The Background: A student of mine, Willa Flink, wrote a brilliant paper using this website on Tla’amin basket weaving this year. The Tla’amin nation is an indigenous culture in British Colombia. Part of Canada’s Truth and Reconciliation Commission calls to action, calls for culturally appropriate education. This collaboration between the Tla’amin nation and Simon Fraser University’s Math Catcher Outreach Program is one attempt by the mathematics community in Canada to do just that.
The creation of Tla’amin baskets, requires “precise measurement, the creation of appropriate shapes and adhering to certain well-established patterns.” The collaboration which resulted in the widget and Jupyter notebooks within the program online learning platform Callysto.
Per usual lately (thanks Siddhi!) this challenge has very little to do with my creation. Really, just go to the website you don’t need me anymore. But if you’re still here, I want to make note of several things this project does well.
- Person and Land acknowledgment. They start off by acknowledging those who taught them this skill and that this work was done on unceded indigenous land.
2. They make it “math teacher friendly”.
Using language like I’ve highlighted, they help math teachers see the academic merit in investigating these patterns. There’s a larger conversation to be had for why this is maybe not the way we need to go forever and always (I’m up for it, comment away below or hit me up on twitter), but right after the acknowledgment, they start talking in terms that make math teachers comfortable and more likely to use the content. I yearn for a day when we can all see meaningful mathematics in places outside of textbooks and tests, but until we get there, I want to notice their effort to explicitly name the mathematics.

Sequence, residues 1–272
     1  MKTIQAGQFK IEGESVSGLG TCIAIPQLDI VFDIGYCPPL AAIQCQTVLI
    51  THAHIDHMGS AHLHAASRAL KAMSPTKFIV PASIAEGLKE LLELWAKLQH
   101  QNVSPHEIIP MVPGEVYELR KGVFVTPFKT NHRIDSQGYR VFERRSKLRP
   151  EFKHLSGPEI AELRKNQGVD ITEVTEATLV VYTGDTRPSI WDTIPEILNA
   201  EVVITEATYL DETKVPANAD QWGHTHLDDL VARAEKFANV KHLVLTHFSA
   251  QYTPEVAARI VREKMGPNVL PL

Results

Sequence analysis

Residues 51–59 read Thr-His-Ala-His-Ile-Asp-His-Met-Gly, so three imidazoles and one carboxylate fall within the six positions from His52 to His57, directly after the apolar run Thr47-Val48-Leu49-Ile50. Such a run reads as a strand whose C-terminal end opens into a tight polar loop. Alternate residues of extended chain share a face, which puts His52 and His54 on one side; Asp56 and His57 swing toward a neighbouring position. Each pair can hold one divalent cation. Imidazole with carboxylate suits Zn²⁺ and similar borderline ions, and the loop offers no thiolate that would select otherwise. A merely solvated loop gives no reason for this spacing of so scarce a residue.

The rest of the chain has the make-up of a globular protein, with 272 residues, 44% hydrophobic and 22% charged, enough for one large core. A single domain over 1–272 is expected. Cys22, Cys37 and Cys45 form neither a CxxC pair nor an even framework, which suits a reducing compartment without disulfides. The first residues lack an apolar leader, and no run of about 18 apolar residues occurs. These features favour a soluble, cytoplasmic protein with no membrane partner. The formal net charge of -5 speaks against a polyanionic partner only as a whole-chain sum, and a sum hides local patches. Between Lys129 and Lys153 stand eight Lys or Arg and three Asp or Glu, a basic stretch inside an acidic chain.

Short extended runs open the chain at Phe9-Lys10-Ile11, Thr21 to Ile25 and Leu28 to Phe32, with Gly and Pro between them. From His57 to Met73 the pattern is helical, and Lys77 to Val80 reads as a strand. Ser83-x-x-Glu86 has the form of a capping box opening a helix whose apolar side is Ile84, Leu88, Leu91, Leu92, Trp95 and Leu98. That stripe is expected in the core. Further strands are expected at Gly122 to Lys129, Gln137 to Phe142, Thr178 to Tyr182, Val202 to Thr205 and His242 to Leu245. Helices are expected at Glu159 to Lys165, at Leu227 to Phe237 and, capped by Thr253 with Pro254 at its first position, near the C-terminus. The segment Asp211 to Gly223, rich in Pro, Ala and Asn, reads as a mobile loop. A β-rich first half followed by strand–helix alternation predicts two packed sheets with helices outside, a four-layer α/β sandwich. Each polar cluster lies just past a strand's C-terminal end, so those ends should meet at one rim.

3. For those who can code, you can play with the code. I am a baby in this regard, but I love that this page is easily manipulable by those who have those skills. I am SUPER excited by the possibility that a few years down the road, I could have my students play with indigenous mathematics and coding simultaneously. (I’m sure there are many other ways to get it done, but it’s so great that this already exists as a starting point.)
Finally, what strikes me as fascinating about this project, is that I have spent soooo much time in my life as a math teacher teaching things like reflections and translations, and I have never (certainly not in recollection) connected it to culture. That’s ridiculous! There are so many examples of artwork involving tilings like what’s present in these basket weavings. And here, we have a beautiful, already prepared example of how to do this and implement it. AND if you’re distance learning, this is an excellent project!
(FYI, the widget didn’t work for me right away, but that could definitely have been just me. I followed the page’s suggestion to: “click Kernel then click Restart & Run All.” and it worked beautifully for me.)
- What kinds of patterns are not possible? (If you know much about coding my guess is you can play with the code on the page to get it to do more)
- Is it possible to achieve the same result from different operations?
- Is there a place you see similar patterns in your own culture? How are they similar? How are they unique?
- What skills do you think are necessary to translate these digital patterns to physical baskets?
- What does it mean to have mathematics reflected or embedded in culture?